Beethoven may have died from lead poisoning

Ludwig Von Beethoven, one of the world’s greatest classical composers, lost his hearing and died from copious amounts of cheap wine he drank because it contained lead, which, at the time, people considered a sweetener, according to “The Disturbingly Long History of Lead Toxicity in Winemaking.”

The bottles’ corks were soaked in lead, and the wine also contained lead to sweeten it. 

The New York Times reported that he drank more than one inexpensive bottle per day. Scientists were studying his hair to learn why he became deaf. Symphony No. 9 in D minor, Op. 125 is a choral symphony, Beethoven’s final complete symphony, which he could not hear because of his loss of hearing.

Lead exposure results in hearing loss and disruption of the cochlear blood–labyrinth barrier and the protective role of iron supplements. Beethoven had high levels of lead in his body.

Some of Beethoven’s hair had 258 grams of lead per gram, and other pieces had 380 micrograms compared to a normal level of less than 4 micrograms of lead per gram.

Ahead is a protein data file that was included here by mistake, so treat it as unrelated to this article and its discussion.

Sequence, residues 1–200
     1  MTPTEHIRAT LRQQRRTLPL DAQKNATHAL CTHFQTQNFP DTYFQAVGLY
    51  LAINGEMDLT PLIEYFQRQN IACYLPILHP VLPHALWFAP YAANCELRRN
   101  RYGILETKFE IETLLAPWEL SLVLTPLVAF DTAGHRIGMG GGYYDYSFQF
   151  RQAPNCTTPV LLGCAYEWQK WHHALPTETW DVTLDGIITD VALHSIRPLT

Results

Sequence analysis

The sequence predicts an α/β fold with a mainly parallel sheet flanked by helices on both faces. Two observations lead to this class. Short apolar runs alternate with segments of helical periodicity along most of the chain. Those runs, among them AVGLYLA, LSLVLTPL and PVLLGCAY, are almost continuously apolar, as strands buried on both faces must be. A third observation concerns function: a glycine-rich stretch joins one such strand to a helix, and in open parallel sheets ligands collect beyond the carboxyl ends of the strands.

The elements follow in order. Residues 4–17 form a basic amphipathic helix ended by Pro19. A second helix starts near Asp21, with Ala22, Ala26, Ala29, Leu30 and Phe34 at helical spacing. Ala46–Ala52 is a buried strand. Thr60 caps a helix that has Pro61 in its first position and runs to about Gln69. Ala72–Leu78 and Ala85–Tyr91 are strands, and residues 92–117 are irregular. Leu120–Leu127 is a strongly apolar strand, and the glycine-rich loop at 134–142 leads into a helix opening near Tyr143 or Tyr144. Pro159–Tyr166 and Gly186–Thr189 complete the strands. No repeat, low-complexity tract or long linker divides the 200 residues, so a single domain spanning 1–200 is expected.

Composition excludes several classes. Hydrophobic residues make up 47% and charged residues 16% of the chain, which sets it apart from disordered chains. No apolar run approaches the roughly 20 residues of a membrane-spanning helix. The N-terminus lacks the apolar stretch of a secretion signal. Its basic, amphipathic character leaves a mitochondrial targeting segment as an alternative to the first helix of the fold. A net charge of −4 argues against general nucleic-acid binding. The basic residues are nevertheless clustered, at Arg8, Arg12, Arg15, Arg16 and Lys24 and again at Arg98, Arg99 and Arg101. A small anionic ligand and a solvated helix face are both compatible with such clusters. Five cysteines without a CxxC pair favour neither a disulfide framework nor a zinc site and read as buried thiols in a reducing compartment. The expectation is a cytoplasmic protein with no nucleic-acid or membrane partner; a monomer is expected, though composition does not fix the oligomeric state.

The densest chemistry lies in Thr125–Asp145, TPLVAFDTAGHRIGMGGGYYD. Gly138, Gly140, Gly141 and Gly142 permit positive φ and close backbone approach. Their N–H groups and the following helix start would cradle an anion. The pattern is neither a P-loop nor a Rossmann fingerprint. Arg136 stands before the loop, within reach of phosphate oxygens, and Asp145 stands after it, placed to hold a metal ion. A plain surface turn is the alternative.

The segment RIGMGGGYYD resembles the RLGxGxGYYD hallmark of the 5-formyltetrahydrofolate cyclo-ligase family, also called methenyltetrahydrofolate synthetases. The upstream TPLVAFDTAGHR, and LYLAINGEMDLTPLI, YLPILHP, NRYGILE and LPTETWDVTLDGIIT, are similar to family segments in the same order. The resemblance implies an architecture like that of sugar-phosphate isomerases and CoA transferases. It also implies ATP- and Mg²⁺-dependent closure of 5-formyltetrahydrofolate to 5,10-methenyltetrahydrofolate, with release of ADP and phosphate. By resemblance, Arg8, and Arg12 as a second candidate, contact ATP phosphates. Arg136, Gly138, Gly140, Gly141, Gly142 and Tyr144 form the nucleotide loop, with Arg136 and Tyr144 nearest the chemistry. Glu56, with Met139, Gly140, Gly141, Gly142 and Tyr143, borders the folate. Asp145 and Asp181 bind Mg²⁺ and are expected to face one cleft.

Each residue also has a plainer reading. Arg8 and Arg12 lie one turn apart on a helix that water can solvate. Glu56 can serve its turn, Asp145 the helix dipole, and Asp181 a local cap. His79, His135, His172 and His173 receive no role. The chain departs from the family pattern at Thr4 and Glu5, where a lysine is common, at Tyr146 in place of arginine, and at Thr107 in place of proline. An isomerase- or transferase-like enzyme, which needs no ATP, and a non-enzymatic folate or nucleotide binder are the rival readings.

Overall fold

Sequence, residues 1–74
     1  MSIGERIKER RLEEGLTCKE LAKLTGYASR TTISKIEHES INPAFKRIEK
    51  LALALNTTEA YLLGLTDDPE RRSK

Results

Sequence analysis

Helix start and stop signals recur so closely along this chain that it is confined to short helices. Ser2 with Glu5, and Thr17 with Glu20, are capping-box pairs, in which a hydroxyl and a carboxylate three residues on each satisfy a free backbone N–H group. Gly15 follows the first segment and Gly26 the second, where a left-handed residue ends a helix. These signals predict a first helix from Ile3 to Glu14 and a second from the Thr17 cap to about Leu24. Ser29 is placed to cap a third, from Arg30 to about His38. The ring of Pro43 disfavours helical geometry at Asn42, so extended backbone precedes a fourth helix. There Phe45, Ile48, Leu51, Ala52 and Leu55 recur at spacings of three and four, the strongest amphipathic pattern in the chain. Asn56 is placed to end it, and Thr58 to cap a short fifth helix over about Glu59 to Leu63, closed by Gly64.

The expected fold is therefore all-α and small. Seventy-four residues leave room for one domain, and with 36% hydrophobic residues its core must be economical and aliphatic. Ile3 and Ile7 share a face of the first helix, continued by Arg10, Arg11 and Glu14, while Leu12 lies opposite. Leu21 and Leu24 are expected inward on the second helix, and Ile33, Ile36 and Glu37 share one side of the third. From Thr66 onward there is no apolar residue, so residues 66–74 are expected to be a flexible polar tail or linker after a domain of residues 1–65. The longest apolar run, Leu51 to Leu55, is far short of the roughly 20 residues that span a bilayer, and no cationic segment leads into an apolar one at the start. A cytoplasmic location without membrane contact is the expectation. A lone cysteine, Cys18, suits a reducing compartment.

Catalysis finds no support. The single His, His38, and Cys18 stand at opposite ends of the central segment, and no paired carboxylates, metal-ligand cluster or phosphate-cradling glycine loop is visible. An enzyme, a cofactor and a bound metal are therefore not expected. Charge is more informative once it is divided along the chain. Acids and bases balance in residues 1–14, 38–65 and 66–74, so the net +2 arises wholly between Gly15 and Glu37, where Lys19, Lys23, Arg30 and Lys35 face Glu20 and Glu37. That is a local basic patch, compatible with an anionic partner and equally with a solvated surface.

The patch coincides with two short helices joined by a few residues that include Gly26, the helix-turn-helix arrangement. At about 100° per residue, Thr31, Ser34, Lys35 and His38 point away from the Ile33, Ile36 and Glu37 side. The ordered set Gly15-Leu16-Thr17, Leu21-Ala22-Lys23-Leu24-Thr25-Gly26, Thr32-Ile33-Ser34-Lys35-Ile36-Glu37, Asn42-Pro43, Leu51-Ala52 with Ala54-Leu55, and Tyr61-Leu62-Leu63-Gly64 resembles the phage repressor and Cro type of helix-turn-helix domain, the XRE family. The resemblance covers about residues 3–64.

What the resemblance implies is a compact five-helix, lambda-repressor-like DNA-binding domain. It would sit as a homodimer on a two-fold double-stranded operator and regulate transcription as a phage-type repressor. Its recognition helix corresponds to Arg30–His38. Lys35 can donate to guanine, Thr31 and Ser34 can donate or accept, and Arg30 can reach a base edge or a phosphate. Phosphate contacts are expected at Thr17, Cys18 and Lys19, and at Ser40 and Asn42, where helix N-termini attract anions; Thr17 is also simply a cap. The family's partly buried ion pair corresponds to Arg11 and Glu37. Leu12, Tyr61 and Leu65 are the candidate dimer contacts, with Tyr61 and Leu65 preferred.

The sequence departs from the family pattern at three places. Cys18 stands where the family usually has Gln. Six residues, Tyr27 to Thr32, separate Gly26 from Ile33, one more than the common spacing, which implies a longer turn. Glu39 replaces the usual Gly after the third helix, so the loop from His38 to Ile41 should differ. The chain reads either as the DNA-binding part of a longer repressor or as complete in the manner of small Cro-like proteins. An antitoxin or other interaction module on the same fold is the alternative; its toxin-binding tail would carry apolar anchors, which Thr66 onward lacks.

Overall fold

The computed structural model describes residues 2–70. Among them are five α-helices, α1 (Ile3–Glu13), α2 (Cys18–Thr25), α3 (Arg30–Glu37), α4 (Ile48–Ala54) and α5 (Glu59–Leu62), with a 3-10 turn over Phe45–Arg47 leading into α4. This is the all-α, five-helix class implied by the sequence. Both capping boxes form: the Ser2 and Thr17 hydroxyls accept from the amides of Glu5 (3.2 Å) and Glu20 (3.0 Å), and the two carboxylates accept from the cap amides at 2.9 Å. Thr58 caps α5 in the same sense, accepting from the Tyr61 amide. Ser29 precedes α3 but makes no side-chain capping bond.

Scientists said lead poisoning caused many ailments, including diarrhea. He died March 26, 1827, at age 56, in Vienna, Austria.

After his death, a “gruesome” autopsy was performed in which “they really roughly cut off the top of his head,” as well as the bones in his ears, in order to examine his brain for deafness. 

Beethoven was born in Bonn, Germany, in 1770 to a Flemish family in what is now The Netherlands. 

He moved to Vienna in 1792 and spent most of his life there. He is widely regarded as classical music’s most innovative composer and is credited with bridging the Classical and Romantic periods.

A number of scholars argue that he was a Black man because of his swarthy complexion and the texture of his hair.